Tag Archives: winter

It’s coming…

SNOWMAGEDDON!

SNOWPOCALYSE!

THE DAY AFTER SNOW TOMORROW!

RED SNOW DAWN!

INDEPENDENCE SNOW DAY!

…or whatever other silly memes are floating around. Gah!

I used to applaud Chicago for keeping its cool about the snow. But the news, online and face-to-face chatter have been crazy this time around.

All the freaking out reminds me of my high school job as a grocery store cashier. Whenever meteorologists predicted an inch or more of snow, hordes of people would clean out the bread and milk aisles out of fear of never eating again. It doesn’t snow as much in Kentuckiana (the area around Louisville where Indiana and Kentucky high five each other), so people aren’t as laid back about it. Schools inevitably get delayed or closed. The news has special coverage of the conditions. And so on.

In all seriousness, I hope everyone stays safe and keeps their cool out there. And I hope our 2011 blizzard is nothing like Snowmageddon ’09.

(Link via Jeff Cenna @jeffc76. Awesome find, sir!)

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Surviving winter

Winter is particularly hard on people after the new year. After the holidays pass, all we’re left with is snow, frigid temperatures and perpetual gray for four months. And let’s not forget the cranky moods.

I’ve seen it—and experienced it—firsthand. The long stretch of winter makes grumpers out of the pleasantest of people and recluses out of the most outgoing. These days, I don’t want to leave my apartment. I don’t want to write in this blog. I don’t want to do anything, except curl up in front of the TV and rot my brain.

That’s why I’ve resolved to not to let winter win. We’ve got three more months of winter to go, and we must carry on.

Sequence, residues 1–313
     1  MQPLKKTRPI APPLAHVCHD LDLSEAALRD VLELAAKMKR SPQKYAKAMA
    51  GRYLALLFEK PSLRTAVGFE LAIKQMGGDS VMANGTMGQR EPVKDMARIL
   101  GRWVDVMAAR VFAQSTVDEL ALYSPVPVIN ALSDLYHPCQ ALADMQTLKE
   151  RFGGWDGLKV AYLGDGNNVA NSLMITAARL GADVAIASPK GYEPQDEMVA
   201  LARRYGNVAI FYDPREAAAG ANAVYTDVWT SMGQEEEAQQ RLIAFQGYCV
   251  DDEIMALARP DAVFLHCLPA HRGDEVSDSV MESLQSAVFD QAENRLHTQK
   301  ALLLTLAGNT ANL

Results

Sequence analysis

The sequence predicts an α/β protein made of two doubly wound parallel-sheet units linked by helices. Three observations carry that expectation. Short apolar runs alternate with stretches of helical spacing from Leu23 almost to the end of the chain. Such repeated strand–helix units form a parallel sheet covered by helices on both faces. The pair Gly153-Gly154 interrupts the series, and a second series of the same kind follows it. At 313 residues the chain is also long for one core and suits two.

Though they may not be the same as Bear Grylls’, here are my winter survival strategies:

Mix up the wardrobe

Living in a semi-tundra, your first instinct getting dressed is probably to throw on jeans, a hoodie and warm boots. Mine is. And (un)luckily, I have a job where I can get away with this. BUT I’m not going to do that. I resolve to wear dresses, jewelry, goldy gaudy chain belts, lipstick and even heels. It seems silly, but stepping up the wardrobe a notch does wonders for the mood.

The best part of this resolution is that you might need to do a little shopping to make it happen. Prints and colors, voila!

Stop complaining

Here’s the thing, we chose to live in Chicago or other respective cold locations. Not Florida, not California, not Mexico or the Caribbean. And complaining about how cold it is isn’t going to change the thermometer. Only make our cranky moods worse. So, let’s resolve to not complain.

Start a project

As mentioned, winter transforms me into a lazy bum. I feel uninspired 98% of the time. For instance, it’s taken me a week to finish this post. So, when the hankering to start a project strikes, I run with it. Like these New Year’s cards. My procrastinating self failed to get Christmas cards out or even addressed. So, I made these instead. I had grand ambitions to send them to all fam and pals, but they ended up going to the peeps who sent us cards. (Sorry)

Make yourself get out of the house

There are some days on the weekend where I don’t have a need to leave the apartment. Like today. My friends came to me since we were hosting brunch. I didn’t get around to leaving the apartment the rest of the day. Too busy sipping bloody marys, watching movies and napping. Joe just suggested getting Thai delivered. The restaurant is a block and half away. I vow to leave the apartment and pick it up, thereby saving $5 on tip and delivery.

—-

I’m tempted to add “Remind yourself of Chicago in the summer,” but I get annoyed when people say how great summer is during the winter. Because, let’s be honest, that’s just mean. We’ve got a lot of winter left.

What are your winter survival strategies?

If you are miserable and pissed off at Chicago, this week, Time Out Chicago had some nice reasons to love/hate Chicago.

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Filed under Chicago, city life, weather, winter

Exposed skin sightings

The weather in Chicago in March is a big tease.

One day, it can be 65 and sunny, only to reach a high of 25 degrees the next day. I know this because it happened last week. I wore heels and a light jacket one day and was sporting winter boots and a coat the following.